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Newhouse Family Will Have Largest Slice of Charter Communications

“Conde Nast until 2008 was really seen as a hobby for the family, ” Steve Cohn, editor in chief of Media Industry Newsletter told the Financial Times.

"7th On Sale" To Benefit AIDS Research - November 29,   1990

Advance Publications, which was purchased by Samuel Irving Newhouse in 1922, and is run by his sons, Si and Donald Newhouse, is continuing its tradition of diversified media. The owner of Conde Nast and an array of local newspapers got into cable early in the industry, and ended up with Bright House, which is the sixth largest cable company.

Now Advance is further expanding its cable footprint as the largest shareholder in the second biggest cable company in the U.S., Charter Communications, as reported by the Financial Times. This will go through if Charter’s $10.4 billion bid for Bright House is accepted. Newhouse already has a large stake in Discovery Communications, and if the deal with Charter pans out, it will surpass John Malone’s Liberty Broadband as Charter’s largest shareholder, but Liberty will retain larger voting rights.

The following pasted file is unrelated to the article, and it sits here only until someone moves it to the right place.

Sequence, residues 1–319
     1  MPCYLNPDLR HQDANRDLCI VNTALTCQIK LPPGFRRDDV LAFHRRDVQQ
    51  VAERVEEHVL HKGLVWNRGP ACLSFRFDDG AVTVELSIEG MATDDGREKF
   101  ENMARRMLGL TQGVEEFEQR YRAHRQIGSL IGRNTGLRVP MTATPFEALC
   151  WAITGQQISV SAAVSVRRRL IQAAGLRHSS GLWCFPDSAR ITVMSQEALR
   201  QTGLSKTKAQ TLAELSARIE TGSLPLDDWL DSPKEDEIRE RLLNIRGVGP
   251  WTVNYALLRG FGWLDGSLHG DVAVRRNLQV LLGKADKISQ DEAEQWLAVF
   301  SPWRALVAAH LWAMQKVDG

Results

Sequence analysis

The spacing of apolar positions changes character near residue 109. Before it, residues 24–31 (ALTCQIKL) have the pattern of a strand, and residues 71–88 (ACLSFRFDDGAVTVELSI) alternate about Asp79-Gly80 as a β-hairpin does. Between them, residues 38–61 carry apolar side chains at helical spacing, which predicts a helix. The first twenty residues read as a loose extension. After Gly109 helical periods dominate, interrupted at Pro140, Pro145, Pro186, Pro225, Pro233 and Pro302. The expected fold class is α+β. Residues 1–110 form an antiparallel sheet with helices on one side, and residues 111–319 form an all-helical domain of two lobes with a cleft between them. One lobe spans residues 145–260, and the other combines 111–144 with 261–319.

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Advance Publications brings in $8 billion in revenue yearly, as estimated by Forbes. It owned Random House in the 80s and 90s, and seems to have weathered the print storm by going digital early. Like others in the print business, Si Newhouse has had to make cutbacks because of the new dominance of digital. “Conde Nast until 2008 was really seen as a hobby for the family, ” Steve Cohn, editor in chief of Media Industry Newsletter told the Financial Times. Money that Conde Nast lost was made up by the newspapers, but in 2008, the double whammy of the recession and the decline of print ultimately hurt the company.

What happens with Advance’s print legacy, and if its losses can be contained or compensated for by cable business remains to be seen.



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